A Diligent Worker Contributes to the Profitability of the Enterprise (Proverbs)
The Valiant Woman makes sure that the work of her hands is marketable. She knows what the merchants are buying (Prov. 31:24), chooses her materials with care (Prov. 31:13), and works tirelessly to assure a quality product (Prov. 31:18b). Her reward is that “her merchandise is profitable” (Prov. 31:18a), providing the resources needed by the household and the community. The proverbs are clear that an individual worker's diligence contributes to the profitability of the entire undertaking. “The plans of the diligent lead surely to abundance, but everyone who is hasty comes only to want” (Prov. 21:5). The converse example is shown in the proverb, “One who is slack in work is close kin to a vandal” (Prov. 18:9). A lazy worker is no better than someone who deliberately sets out to destroy the enterprise. All of these anticipate Jesus’ parable of the talents (Matthew 25:14-30).
When we keep in mind that these proverbs about profit are grounded in God’s character, we see God wants us to work profitably. It is not enough to complete our assigned tasks. We must care about whether our work actually adds value to the materials, capital and labor consumed. In open economies, competition dictates that making a profit can be very challenging. The un-diligent—lazy, complacent, or dissolute—can quickly decline into loss, bankruptcy and ruin. The diligent—hard working, creative, focused—perform a godly service when they make it possible for their businesses to operate profitably.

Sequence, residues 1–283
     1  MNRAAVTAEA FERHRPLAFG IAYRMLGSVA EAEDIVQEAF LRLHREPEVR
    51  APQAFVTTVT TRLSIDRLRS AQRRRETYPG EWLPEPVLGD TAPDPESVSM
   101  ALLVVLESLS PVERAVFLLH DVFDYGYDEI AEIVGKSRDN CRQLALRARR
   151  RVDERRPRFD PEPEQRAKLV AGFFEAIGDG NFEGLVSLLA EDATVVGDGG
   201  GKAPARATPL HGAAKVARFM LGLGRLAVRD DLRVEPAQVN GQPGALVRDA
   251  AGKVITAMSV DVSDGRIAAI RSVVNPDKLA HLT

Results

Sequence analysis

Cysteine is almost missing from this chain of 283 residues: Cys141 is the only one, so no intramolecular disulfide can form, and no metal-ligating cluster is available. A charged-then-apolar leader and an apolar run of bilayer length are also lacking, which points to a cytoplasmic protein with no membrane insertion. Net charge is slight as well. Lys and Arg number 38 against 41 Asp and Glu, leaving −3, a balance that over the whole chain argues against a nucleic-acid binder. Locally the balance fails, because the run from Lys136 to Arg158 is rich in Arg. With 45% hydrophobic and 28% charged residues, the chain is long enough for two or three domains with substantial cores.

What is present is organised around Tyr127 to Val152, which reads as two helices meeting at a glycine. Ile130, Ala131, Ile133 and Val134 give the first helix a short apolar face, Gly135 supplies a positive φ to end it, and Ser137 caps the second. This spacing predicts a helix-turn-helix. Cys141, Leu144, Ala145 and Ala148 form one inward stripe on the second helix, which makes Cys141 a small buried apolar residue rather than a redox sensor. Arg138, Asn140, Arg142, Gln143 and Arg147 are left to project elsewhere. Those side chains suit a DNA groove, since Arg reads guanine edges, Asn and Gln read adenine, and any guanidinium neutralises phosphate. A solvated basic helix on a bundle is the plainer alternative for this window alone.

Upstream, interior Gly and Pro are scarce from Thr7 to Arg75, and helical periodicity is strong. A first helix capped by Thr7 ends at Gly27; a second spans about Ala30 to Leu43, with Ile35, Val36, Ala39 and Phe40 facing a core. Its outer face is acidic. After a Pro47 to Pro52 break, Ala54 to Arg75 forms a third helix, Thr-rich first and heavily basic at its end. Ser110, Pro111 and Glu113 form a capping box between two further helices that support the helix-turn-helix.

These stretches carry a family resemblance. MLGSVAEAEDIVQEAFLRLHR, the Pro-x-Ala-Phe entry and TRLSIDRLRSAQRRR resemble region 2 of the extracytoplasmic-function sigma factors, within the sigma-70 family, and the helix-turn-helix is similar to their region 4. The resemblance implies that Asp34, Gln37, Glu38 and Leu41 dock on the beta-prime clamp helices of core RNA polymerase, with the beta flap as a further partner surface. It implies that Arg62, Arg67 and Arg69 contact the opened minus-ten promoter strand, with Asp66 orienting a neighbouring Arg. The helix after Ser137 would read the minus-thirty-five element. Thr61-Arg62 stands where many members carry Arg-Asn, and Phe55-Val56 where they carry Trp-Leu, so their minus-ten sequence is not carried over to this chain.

Christians have not always recognized the importance of profit in the biblical perspective. In fact, profit is often regarded with suspicion and discussed in a rhetoric of “people vs. profits.” There is a suspicion that profit comes not from taking inputs and creating something more valuable from them, but from swindling buyers, workers or suppliers. This arises from an inadequate understanding of business and economics. A truly biblical critique of businesses would ask questions such as “What kind of profits?” “What is the source of the profit?” “Is the profit extracted by monopoly or intimidation or deception?”, and “How is the profit shared among workers, managers, owners, lenders, suppliers, customers and taxation?” It would encourage and celebrate workers and businesses who bring a wholesome profitability to their work. CONTENT NOT YET AVAILABLE: See the article *Economics and Society at www.theologyofwork.org for more on this subject.
Not all workers are in a position to know whether their work is profitable. Employees in a large corporation may have little idea whether their particular work contributes positively to profitability of the enterprise. Profitability, in an accounting sense, does not play a role in education, government, not-for-profit corporations, and homes. But all workers can pay attention to how their work contributes to accomplishing the mission of the organization, to whether the value they add is greater than the pay and other resources they extract. To do so is a form of service to the Lord.
The Valiant Woman’s profitable management of her household draws a word of exalted praise. “She is far more precious than jewels” (Prov. 31:10). This is no sentimental metaphor. It is quite literally true. A well-run enterprise can certainly earn profits over the years far exceeding the value of jewels and other stores of wealth.